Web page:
Afterward Jesus returned to Jerusalem for one of the Jewish holy days. Inside the city, near the Sheep Gate, was the pool of Bethesda, with five covered porches. Crowds of sick people—blind, lame, or paralyzed—lay on the porches. One of the men lying there had been sick for thirty-eight years. When Jesus saw him and knew he had been ill for a long time, he asked him, “Would you like to get well?”
“I can’t, sir,” the sick man said, “for I have no one to put me into the pool when the water bubbles up. Someone else always gets there ahead of me.” Jesus told him, “Stand up, pick up your mat, and walk!”
Instantly, the man was healed! He rolled up his sleeping mat and began walking! But this miracle happened on the Sabbath, so the Jewish leaders objected. They said to the man who was cured, “You can’t work on the Sabbath! The law doesn’t allow you to carry that sleeping mat!” But he replied, “The man who healed me told me, ‘Pick up your mat and walk.’” “Who said such a thing as that?” they demanded. The man didn’t know, for Jesus had disappeared into the crowd. But afterward Jesus found him in the Temple and told him, “Now you are well; so stop sinning, or something even worse may happen to you.” Then the man went and told the Jewish leaders that it was Jesus who had healed him (John 5:1-15, NLT).
The third miracle Jesus performed in the Gospel of John seems pretty straight forward. Jesus had returned to Jerusalem, and on a particular day walked through an area, the Pool of Bethesda, which had a dense population of sick people. Some were crippled, some were blind. Apparently they stayed by the pool due to a superstition that claimed an angel would occasionally come down from heaven to the pool and stir the water. The first one into the pool when the water was stirred would be healed of their infirmity. There is no historical evidence that this belief was anything other than superstition. In fact, better translations footnote this portion of the passage because it is not in the oldest, most reliable Greek manuscripts.
Of all the people at the Pool of Bethesda, Jesus singled out one man who has suffered some form of paralysis for 38 years. Jesus asked him plainly, “Do you want to get well?” When I ask simple questions like this to my children, they sometimes reply, “Duh, dad!” The reader would expect that the lame man would answer Jesus directly and affirmatively, but he didn’t. He simply made excuses. He told Jesus how he didn’t have help to get into the pool when the water stirred. He described others who were able to race ahead of him selfishly to get into the water. Never mind the fact he had been waiting his turn for 38 years.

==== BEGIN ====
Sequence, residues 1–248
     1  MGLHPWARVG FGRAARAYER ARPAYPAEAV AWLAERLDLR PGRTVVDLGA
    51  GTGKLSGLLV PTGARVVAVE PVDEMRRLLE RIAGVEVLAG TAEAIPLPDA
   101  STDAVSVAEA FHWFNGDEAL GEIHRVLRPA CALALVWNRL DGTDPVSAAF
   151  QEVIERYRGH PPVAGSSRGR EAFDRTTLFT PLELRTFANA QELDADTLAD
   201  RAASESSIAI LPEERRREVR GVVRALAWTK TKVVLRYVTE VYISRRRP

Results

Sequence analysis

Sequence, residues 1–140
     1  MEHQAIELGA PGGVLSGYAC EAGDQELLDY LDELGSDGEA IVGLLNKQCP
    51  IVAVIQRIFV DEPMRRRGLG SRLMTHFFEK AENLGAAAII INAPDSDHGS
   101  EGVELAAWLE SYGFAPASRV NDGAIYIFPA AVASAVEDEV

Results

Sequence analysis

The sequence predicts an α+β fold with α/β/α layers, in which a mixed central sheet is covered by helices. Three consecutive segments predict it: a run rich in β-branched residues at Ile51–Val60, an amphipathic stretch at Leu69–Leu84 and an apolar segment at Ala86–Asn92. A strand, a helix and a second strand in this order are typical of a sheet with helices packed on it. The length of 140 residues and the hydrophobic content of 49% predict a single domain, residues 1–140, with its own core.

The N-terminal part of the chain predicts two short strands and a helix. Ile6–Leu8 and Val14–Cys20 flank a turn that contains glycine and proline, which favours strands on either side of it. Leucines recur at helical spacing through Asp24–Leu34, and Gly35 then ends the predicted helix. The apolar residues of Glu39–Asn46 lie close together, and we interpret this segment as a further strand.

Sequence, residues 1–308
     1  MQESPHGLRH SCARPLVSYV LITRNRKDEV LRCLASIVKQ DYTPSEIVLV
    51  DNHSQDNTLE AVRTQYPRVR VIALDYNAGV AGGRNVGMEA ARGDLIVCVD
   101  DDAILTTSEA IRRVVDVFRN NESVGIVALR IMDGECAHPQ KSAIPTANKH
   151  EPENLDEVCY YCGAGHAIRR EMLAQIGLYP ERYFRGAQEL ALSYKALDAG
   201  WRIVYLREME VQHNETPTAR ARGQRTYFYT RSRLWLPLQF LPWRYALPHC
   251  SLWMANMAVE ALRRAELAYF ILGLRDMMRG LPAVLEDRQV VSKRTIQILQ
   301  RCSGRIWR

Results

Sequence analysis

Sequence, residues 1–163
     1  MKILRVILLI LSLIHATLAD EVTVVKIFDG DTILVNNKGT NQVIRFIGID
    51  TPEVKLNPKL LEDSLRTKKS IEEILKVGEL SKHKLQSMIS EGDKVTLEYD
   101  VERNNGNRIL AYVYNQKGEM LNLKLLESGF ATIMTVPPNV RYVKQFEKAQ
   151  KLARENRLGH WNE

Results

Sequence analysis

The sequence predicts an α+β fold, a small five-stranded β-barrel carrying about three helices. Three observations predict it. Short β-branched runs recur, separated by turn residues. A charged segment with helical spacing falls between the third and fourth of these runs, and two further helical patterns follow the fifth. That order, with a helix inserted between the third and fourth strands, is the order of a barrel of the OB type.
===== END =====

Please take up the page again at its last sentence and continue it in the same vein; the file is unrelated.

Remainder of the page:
I love the plainspoken manner of Jesus. He had little tolerance for excuses, and commanded him to “stand up, pick up your mat, and walk.” And so he did.
Like I said, this is pretty simple and straightforward. But there’s a twist. The healed man did what Jesus said. He stood up, picked up his mat, and began to walk. As he walked, he was confronted by the religious leaders of the day, who rebuked him for carrying his mat on the Sabbath. When they inquired how he was healed, he described a man who was no longer in sight.
Being healed of a disease that had ravaged his strength for nearly four decades is certainly cause of praise and thanksgiving. The scene moves to the Temple, where the healed man must have offered thanks to God for the miraculous healing. In the Temple he meets Jesus, who simply says, “Now you are well; so stop sinning, or something even worse may happen to you.” Didn’t see that one coming! Did Jesus just imply that the reason for his long term disability was his sin? Yes.
I don’t believe that every instance of adversity or suffering is the direct result of some sin we have committed. Without a doubt, we live in a fallen world and our depravity does create complications. But it’s not fair to assume that every illness or problem we experience is the consequence of some sin we have committed. In John 5, however, that is precisely the case. He had been disabled for 38 years as the consequence of a sin or sins he had committed.
Sin is its own consequence. This week I want to offer some practical stuff from Romans regarding how to deal with chronic sin patterns in our lives. I hope that you’ll check back each day, because Jesus wants each of us to be “well” and to live “well.” In the meantime, think about this: What sin(s) in your life is keeping you from living life as God intended?